Alicia lifted her cup of tea and tried to appear serene when inside she was quite cold and troubled. It had been a shock to hear Elena was missing yesterday, and then an even greater one to realize that the notorious Lord Andrews also appeared to have vanished at the same time. Gossip had it the viscount left town without a word to
anyone and none of his staff or family had the slightest idea where he might have gone.

“…is said to be keeping her,” Lady Dorchester said in a smug tone, “though I have never given credence to the rumor.”

Lady Dorchester had given credence to every other rumor she’d ever heard, so Alicia gritted her teeth, though the urge to defend Elena almost overwhelmed her. Unfortunately, as puzzled as she was by her cousin’s sudden absence she really couldn’t think of much to say, but it was impossible to stay completely quiet. “Whom to be keeping whom?” she asked, her voice cool. “I assume we’ve had a turn in subject, for surely we are not still talking about Elena.”

“Oh, dear.” Lady Dorchester waved a careless hand. “No, of course not. We are talking about”—her voice lowered theatrically—“that foreign countess Andrews favored.”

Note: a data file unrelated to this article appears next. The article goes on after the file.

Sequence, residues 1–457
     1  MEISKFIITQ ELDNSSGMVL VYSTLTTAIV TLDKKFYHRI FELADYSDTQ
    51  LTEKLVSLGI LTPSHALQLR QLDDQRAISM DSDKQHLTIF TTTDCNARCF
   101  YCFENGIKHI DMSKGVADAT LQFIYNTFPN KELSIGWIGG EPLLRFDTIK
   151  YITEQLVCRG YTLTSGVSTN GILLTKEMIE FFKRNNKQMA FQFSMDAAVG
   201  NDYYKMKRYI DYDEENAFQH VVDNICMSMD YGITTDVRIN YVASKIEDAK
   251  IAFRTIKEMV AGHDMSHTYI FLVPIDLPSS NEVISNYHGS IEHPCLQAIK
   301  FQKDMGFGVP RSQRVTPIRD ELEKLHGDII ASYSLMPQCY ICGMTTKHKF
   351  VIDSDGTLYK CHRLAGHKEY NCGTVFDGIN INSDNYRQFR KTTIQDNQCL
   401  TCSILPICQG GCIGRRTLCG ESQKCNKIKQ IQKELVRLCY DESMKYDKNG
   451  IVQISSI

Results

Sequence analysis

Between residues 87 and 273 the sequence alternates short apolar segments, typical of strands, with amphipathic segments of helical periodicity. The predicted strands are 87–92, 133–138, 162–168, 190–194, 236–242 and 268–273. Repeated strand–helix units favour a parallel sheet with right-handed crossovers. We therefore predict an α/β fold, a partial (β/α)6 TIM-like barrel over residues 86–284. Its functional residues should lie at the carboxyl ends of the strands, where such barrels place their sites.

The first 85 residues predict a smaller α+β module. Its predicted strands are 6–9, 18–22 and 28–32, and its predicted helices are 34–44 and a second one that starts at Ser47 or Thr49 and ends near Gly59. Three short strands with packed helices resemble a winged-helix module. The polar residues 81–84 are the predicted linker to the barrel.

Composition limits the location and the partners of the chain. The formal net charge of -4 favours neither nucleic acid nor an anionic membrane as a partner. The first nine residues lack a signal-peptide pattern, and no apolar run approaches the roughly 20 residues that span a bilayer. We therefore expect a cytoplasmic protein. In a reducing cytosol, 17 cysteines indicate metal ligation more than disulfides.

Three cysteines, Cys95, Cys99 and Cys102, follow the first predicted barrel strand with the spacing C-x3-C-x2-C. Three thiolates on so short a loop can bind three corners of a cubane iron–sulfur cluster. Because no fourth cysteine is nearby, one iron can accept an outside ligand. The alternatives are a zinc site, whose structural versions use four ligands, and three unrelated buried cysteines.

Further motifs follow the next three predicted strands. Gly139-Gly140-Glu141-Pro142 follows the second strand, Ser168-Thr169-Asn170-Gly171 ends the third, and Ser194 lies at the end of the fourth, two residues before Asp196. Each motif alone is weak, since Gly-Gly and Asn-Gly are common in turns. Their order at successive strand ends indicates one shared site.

The change in status from ingénue to married lady meant she was allowed to hear such scandalous insinuations, but it was all still disconcerting to her.
carried a connotation that was wickedly suggestive, but, then again, they were talking about Randolph Raine.

—Elena would not be involved with the handsome young viscount and not mention a word.

Alicia was half inclined to ask Ben to look into it. She didn’t know what it was he actually did during the war but had a vague idea he gathered information. That might be useful now. Maybe he could help with this…this growing awkwardness.

“Well”—Evelyn Borroughs waved her fork—“it isn’t like Andrews has not done this sort of thing before.”

“He has?” Adele Rockfort scoffed. “When? He most certainly has never run off with a lady of good family, Evie.”

Alicia would have backed up that statement but it wasn’t necessary. A dainty woman with snow-white hair who was a contemporary of her grandmother observed, “No matter that Andrews is a very charming rogue—he isn’t a fool. If he wished to marry the girl he would have, but this is an unnecessary scandalbroth.”

That was no doubt accurate. Though Alicia didn’t know his lordship well, the truth was, any eligible young woman knew his interests did not lie with the unmarried misses of the
, and the mutual absence of Elena and the viscount did not make sense.

BOOK: Ruined by Moonlight